PIB: Ijaw Youths Warn Against Removal of Oil-producing Communities’ Fund


Emmanuel Addeh in Yenagoa

As the National Assembly prepares to kick off debates on the controversial Petroleum Industry Bill (PIB), Ijaw youths monday cautioned against the removal of the oil-producing communities’ fund clauses in the bill.

Speaking through their umbrella body, the Ijaw Youths Congress (IYC), the body warned that removing the clause that is aimed at uplifting the oil-bearing communities from poverty, would be counterproductive as it could incite the people to return to bear arms.

Former President Goodluck Jonathan’s version of the bill, which could not be passed during the life of his administration, had provided for the fund in Section 116, which set aside the special fund for the people resident in oil-producing areas. It stated: “There is established a fund to be known as the Petroleum Host Communities’ Fund.”

Stating the purpose of the fund, Section 117 of the bill said it “shall be utilised for the development of the economic and social infrastructure of the communities within the petroleum producing area”.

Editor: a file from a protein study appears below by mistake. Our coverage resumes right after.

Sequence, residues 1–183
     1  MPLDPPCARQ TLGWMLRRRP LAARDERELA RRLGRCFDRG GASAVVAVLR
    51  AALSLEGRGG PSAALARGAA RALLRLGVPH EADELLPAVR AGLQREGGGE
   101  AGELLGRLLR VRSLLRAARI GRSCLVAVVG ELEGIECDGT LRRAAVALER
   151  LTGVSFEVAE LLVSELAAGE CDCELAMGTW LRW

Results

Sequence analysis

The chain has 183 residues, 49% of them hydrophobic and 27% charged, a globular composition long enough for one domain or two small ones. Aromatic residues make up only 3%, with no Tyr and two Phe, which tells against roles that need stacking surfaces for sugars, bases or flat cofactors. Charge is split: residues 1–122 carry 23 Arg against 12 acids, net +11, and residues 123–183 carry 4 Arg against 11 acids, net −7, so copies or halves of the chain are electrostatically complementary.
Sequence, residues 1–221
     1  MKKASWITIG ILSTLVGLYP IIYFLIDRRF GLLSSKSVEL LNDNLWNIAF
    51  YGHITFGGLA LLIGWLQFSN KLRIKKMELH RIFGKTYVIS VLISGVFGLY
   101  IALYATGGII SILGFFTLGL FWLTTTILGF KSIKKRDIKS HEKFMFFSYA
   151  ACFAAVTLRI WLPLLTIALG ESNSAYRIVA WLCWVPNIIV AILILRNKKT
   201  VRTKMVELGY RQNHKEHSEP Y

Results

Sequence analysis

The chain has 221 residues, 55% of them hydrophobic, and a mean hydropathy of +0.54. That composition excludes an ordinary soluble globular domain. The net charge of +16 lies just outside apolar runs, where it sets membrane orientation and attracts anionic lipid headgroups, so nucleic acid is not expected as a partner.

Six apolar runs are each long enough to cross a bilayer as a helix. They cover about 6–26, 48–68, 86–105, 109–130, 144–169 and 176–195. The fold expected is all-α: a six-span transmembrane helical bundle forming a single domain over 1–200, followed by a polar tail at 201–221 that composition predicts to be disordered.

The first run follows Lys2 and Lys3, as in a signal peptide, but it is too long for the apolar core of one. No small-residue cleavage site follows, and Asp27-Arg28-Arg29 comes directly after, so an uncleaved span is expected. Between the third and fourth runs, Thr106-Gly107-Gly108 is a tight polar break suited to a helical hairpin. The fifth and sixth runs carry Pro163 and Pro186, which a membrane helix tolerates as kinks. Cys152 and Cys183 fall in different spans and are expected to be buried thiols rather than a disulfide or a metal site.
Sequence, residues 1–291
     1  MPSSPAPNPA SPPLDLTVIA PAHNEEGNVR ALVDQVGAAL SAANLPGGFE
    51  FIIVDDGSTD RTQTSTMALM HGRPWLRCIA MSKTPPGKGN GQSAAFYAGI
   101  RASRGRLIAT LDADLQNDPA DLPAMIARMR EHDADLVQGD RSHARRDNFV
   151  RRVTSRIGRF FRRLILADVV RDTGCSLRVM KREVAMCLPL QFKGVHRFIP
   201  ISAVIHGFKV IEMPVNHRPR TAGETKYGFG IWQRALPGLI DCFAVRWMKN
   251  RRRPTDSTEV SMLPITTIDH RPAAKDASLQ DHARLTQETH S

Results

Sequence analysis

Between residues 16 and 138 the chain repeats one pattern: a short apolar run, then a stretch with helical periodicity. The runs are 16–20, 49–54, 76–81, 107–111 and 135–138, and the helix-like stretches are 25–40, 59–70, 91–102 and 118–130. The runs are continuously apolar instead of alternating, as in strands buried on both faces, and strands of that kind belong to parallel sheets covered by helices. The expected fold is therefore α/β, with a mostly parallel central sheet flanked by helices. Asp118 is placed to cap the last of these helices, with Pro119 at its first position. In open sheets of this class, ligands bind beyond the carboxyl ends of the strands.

The bill also created the Petroleum Host Communities’ Fund and prescribed 10 per cent of the net profit of upstream oil companies to be paid into the fund for the development of the host communities.

But the Ijaw youths in a statement by the IYC spokesman, Eric Omare, said there was a plan to remove the special fund clauses from the bill and warned that doing so would attract angry protests from the oil-bearing communities, particularly those in the Niger Delta.

“This plan is obviously an invitation to renewed hostilities and agitations in the Niger Delta region. The IYC enjoins Nigerians and men of conscience to reject this plan,” they said.

Explaining that the oil communities’ development fund was a laudable initiative aimed at making oil-producing communities stakeholders in the oil resources produced in their area as well as address the challenge of sabotage and associated challenges. The youths said the planned removal of the fund would upset the relative peace currently prevalent in the Niger Delta region.